- Motivation and (versus) accuracy
- Blogs for accuracy or motivation and fluency

Illya suggest from the beginning that blogs are not ideal for dealing with accuracy ('mistakes').

Carla is proactive and deals with accuracy by pre- email - a draft blog entry.

The usual answer to dealing with accuracy is to bring in peer-editing, and multiple drafts.

I think if blogs can be used to get learners writing, though - preferably going on to projects involving other writers (preferably, again, in the context of a school exchange)interst in what they are writing, and cooperative editorial processes will result in more permanent improvement than straightforward ocrrection. (See all Bee's work and Dekita). Dennis

Claudia Bellusci said...

This never-ending issue of fluency versus accuracy may have as many sides as teachers and students out there.
I agree with Dennis that straightforward correction is no use and peer-correction and editing should be preferred. But the teacher shouldn't be altogether away from the process. He/she should pick up and comment on some of the most relevant and recurrent errors, especially when they lead to misunderstanding. I guess correction in a blog context doesn't have the same connotation as correction of ordinary written work, where its only outcome is marking. Correction of students'blog posts should help them improve their work and show the best of themselves. I think this would increase their self-confidence and motivate them to go on writing.

Silvana said...

This discussion regardingaccuracy and fluency is as it has been said here never ending but I agree with Claudia that although we decide to act on accuracy,the reason is different from that in an ordinary classroom task.There is a real audience which althoughthsi audience is interested in the message and not in the form, we feel commited to do our best so students will start caring for being accurate!!!

Illya said...

I see I've been missing out an a very interesting and relevant discussion while away having fun. Just to add another element to the discussion, there are in fact blogs where posts can be edited -does anyone know which ones allow this???.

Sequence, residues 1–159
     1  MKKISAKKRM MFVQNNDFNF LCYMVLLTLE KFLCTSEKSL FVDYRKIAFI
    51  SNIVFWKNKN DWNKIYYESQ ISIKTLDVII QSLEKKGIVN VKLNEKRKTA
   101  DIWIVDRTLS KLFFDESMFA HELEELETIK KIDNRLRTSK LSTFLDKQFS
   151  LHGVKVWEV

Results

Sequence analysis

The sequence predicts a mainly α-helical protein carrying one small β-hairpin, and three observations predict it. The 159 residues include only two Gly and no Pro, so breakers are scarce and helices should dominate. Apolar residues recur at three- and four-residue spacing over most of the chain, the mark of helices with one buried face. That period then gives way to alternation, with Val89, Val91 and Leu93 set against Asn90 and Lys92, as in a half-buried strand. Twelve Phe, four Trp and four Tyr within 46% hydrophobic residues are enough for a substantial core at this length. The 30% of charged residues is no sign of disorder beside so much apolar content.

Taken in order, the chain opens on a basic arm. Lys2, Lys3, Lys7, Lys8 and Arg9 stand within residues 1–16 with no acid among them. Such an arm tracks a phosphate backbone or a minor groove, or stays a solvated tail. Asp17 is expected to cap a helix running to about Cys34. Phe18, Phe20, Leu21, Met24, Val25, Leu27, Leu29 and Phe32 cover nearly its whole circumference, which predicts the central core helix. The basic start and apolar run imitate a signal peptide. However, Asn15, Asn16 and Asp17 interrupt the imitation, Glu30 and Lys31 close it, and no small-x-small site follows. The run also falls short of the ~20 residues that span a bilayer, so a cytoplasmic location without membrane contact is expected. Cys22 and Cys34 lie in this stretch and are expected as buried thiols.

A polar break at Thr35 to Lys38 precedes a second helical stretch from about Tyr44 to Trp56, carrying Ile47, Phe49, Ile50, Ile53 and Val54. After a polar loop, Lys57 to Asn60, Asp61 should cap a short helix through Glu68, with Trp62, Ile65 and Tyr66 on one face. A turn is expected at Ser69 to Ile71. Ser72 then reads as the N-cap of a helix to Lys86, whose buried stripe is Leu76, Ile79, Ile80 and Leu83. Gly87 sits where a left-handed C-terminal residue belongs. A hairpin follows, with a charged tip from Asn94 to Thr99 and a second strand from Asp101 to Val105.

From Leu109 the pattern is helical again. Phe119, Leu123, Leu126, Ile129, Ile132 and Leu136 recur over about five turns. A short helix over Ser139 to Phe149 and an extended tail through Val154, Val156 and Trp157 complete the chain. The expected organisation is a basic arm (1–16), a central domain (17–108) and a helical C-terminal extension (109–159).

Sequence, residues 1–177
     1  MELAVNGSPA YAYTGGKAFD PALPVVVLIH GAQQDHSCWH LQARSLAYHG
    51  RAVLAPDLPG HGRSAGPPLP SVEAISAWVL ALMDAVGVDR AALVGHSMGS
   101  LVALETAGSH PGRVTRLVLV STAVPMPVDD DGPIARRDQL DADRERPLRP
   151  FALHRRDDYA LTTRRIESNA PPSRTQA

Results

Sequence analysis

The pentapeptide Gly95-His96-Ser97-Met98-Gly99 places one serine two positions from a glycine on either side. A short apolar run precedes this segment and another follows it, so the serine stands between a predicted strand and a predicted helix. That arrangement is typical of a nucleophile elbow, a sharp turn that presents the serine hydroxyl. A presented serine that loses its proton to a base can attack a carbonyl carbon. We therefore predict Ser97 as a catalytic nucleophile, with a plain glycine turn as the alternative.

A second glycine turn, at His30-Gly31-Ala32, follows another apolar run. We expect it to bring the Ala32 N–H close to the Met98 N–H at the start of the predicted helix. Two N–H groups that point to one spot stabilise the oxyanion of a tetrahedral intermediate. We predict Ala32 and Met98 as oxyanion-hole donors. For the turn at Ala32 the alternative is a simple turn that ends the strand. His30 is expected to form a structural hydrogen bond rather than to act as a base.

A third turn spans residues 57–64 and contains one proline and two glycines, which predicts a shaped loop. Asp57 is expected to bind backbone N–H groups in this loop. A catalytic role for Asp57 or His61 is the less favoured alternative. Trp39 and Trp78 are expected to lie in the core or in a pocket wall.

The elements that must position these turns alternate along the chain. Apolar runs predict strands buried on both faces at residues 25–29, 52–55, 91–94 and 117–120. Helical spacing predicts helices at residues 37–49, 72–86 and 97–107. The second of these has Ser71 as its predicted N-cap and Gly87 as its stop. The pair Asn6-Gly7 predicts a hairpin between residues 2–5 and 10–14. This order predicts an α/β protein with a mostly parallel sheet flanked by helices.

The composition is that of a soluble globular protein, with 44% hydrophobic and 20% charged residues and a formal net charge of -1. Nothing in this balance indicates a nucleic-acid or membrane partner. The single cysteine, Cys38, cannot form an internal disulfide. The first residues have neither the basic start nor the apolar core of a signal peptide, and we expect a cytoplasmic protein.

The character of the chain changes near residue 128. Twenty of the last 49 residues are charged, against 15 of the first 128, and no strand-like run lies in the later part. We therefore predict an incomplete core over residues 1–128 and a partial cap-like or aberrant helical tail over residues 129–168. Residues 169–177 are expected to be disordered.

This option may offer a possibility to focus on both; however, the question remains whether the writer would feel intimidated to write where others edit/correct their writing in an open forum.

Nahir said...

This discussion may have to do with the writing process. Do we tell students what the process is? Are students encouraged to follow it regularly in and out of class?

Stages as revision and editing are important for self-correction, and peer-revision is too. Once students internalize the role of revision, they may use it whenever it's needed.

Illya, I've used wordpress.com blogs. One of their features is that you can easily edit or delete posts when you are the owner.


Claudia Bellusci said...

Editing other people's posts can be certainly a very arguable issue. Unless they are offensive, I wouldn't do it. In the case of serious grammatical or spelling mistakes, I'd rather point them to the post author and suggest that he/she correct them.

Gladys Baya said...

Let me join in! I believe blogs are great for the publishing stage of the writing process, but aren't we forgetting that before work gets published teachers must have been supporting learners through all previous stages, including reviewing AND editing? I'm not afraid of the occasional "slip of the keyboard" here and there, but I wouldn't expect blogging to help my class meet all the aims of the writing lesson.
Have I made myself clear??? :-?

cheap computers said...

it is a good moment to include other helpful webtools like online dictionaries, google checking, etc...